News you can relate to

Some stories that caught our eye this week:

inspiring grad cap

15 Inspiring Grad Caps That Honor The Sacrifices Of Immigrant Parents “For every time I was told I couldn’t…For the huge obstacles my parents and I had to overcome to get to this moment. For the many times I had to prove myself to others. For the times I had to “earned my way into spaces not meant for me”.

4.2 Million Salaried Workers Will Soon Be Eligible For Overtime Pay “Our whole mission here is about strengthening and growing the middle class. In order to do that, we need to ensure that middle class jobs pay middle class wages.”

It Doesn’t Matter If You’re An Oscar Winner “I am ashamed that I hesitated for a moment to speak out against the selection of Woody Allen’s latest film, Café Society, to make its North American premiere as the Opening Night Film of our much beloved Seattle International Film Festival. I guess I didn’t want to offend the people I consider friends and colleagues at our hometown film festival. But then I realized that this very type of rationalizing is what helps fuel rape culture in America.”

College bound

It is senior year of high school for my twin daughters and I find myself talking about college applications with all kinds of people. I was getting my nails done when the owner of the salon―a Vietnamese immigrant―asked me for information about the application process and due dates. She was relying on her son to translate and she wasn’t sure that she was getting all the information she needed. It took me several days, but I managed to find a free college counseling resource that could communicate in Vietnamese.

I can’t imagine what it must be like to try to navigate this process when English is your second language. We had to hire a college counselor to help us. We filled out 28 pages of different financial aid forms. We checked our daughters’ online applications and read their college essay questions. Even with the resources, time, and teamwork at our disposal, it was still hard.

And what about people who have another whole layer of chaos in their lives? How do you manage this transition in your child’s life if you are in an abusive relationship? What if you have to anticipate and work around a partner who humiliates and controls you? When all your decisions are undermined by your partner, how can you figure out what questions to ask and if there is help to get answers?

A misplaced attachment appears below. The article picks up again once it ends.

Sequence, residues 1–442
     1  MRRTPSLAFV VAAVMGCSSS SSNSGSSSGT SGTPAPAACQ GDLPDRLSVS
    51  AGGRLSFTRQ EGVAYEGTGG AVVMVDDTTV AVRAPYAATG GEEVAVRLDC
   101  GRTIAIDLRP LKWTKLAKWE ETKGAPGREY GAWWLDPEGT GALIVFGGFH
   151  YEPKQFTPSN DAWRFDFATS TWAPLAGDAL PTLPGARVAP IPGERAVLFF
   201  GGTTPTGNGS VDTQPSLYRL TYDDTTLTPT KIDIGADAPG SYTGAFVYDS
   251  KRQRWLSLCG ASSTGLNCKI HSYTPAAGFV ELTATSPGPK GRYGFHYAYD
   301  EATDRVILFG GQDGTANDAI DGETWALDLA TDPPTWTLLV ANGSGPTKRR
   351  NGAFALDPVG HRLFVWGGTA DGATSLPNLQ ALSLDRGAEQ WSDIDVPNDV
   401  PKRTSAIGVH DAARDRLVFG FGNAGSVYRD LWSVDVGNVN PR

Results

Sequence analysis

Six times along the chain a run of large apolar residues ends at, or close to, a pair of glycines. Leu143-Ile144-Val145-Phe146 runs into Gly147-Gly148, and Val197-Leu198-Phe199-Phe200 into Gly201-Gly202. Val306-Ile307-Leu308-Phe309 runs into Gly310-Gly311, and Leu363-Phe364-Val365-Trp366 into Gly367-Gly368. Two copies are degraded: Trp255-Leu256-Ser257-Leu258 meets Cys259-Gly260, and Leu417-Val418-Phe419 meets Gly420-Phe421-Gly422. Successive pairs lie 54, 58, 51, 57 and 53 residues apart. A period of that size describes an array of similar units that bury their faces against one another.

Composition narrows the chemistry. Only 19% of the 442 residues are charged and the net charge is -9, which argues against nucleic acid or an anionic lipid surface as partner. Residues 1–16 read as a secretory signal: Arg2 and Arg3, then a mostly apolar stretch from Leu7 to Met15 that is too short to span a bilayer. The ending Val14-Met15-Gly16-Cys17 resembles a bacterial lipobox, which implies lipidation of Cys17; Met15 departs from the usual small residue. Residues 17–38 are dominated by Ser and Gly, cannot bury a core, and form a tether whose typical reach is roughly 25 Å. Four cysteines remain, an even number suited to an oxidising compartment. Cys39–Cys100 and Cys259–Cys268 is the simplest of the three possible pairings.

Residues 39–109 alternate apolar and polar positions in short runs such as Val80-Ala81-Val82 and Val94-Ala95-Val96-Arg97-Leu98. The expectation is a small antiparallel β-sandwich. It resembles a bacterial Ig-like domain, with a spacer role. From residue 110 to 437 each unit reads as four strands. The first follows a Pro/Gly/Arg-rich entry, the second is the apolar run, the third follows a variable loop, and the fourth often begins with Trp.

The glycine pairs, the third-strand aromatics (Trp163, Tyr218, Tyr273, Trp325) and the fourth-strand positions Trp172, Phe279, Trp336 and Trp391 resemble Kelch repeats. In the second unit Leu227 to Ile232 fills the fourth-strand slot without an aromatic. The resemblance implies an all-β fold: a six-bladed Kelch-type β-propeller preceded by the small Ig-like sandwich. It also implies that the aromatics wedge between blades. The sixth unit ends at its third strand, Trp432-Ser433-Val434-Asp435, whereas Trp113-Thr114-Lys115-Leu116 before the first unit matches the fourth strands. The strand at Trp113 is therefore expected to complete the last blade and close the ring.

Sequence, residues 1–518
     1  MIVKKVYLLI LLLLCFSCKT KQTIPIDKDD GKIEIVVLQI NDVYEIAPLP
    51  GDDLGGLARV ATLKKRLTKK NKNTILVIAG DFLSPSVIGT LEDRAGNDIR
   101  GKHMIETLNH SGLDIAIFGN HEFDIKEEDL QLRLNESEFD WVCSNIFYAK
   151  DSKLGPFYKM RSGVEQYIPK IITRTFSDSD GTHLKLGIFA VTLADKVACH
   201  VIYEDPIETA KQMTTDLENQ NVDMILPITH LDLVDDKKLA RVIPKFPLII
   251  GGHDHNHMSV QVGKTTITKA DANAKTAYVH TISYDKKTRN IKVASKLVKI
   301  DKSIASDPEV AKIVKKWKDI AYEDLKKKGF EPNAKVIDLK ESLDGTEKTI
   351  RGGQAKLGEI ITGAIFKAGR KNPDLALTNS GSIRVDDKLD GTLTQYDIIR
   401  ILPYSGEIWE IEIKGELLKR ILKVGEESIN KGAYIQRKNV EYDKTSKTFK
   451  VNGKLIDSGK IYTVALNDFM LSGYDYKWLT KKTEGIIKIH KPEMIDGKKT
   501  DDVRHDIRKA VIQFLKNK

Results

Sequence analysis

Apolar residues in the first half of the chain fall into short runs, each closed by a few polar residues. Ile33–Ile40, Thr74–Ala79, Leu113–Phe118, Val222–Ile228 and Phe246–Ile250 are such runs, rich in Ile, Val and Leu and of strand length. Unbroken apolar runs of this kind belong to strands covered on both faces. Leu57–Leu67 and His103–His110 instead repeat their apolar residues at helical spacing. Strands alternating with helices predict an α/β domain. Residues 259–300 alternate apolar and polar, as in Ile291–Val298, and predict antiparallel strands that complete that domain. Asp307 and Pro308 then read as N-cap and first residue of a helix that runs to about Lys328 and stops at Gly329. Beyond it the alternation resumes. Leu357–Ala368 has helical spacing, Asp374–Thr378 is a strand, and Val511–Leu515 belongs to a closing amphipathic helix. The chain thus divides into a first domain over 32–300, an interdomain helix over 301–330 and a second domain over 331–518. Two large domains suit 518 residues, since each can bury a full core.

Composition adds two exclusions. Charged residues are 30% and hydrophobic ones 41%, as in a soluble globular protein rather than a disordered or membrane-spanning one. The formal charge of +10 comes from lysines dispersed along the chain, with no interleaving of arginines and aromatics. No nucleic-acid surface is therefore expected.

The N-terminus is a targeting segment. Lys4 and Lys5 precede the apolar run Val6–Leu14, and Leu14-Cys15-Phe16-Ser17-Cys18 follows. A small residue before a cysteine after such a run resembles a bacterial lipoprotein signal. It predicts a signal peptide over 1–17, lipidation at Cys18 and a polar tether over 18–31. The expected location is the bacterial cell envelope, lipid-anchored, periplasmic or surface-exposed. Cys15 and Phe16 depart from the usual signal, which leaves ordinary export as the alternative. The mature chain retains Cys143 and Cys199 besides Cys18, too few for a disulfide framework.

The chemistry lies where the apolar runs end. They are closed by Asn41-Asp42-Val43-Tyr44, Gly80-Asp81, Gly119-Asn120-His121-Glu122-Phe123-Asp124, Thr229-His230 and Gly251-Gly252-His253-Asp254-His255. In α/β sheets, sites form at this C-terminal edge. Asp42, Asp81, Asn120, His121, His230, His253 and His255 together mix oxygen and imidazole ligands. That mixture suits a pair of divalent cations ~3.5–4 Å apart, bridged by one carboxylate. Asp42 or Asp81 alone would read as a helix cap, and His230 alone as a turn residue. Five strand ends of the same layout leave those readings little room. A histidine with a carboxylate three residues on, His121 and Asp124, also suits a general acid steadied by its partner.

College boundSending your kid to college is a dream for many parents, and it can feel even more pressing if it is their ticket out of an abusive home. But that’s not possible if it takes professional help just to fill out the forms. We can change this system and we must make it accessible. The vision of all girls moving forward depends on us.

News you can relate to

Some stories that caught our eye this week:

For Domestic Violence Survivors, Family Court Becomes Site of Continued Abuse Three years after Kate and her children initially fled her ex, the judge terminated his visits. By then, Kate had been in court every six weeks for three years and spent over $500,000 in legal costs.

We don’t do sex work because we are poor, we do sex work to end our poverty “Anti- trafficking law does not improve our working conditions, increase our options, or end our poverty. It does not reduce armed conflict in our homelands. It does not reduce corruption. It does not increase support for children and minors. It does not demand governments or society respect us or our basic human rights.”

Michelle Obama on why educating girls is vital “The barriers to girls’ education isn’t just resources. It’s not just about access to scholarships or transportation or school bathrooms,” she said. “It’s also about attitudes and beliefs — the belief that girls simply aren’t worthy of an education, that women should have no role outside the home, that their bodies aren’t their own, their minds don’t really matter and their voices simply shouldn’t be heard.”

Teen activists in action

We’re excited to bring you a guest blog post from Quinn Angelou-Lysaker of Franklin High School’s Feminist Union, an energetic student-led group that has been tackling teen domestic violence along with other feminist issues.
On January 13th, Franklin High School’s own Feminist Union lead a class we called “Intersectional Feminism 101.” Five members of our leadership team created an activity based on WSCADV’s game In Their Shoes. In Their Shoes takes participants through a story about an abusive relationship, where they’re asked to make decisions as the story progresses. We used this idea and wrote our own stories in which sexism and other forms of oppression intersect. One story was about a black girl who was forced to resign from a theater program because she wouldn’t straighten her natural hair. Another followed the story of a boy with two gay mothers who makes some homophobic friends in school. We also used one of the original stories from In Their Shoes about a Mexican girl whose relationship with a boy becomes abusive.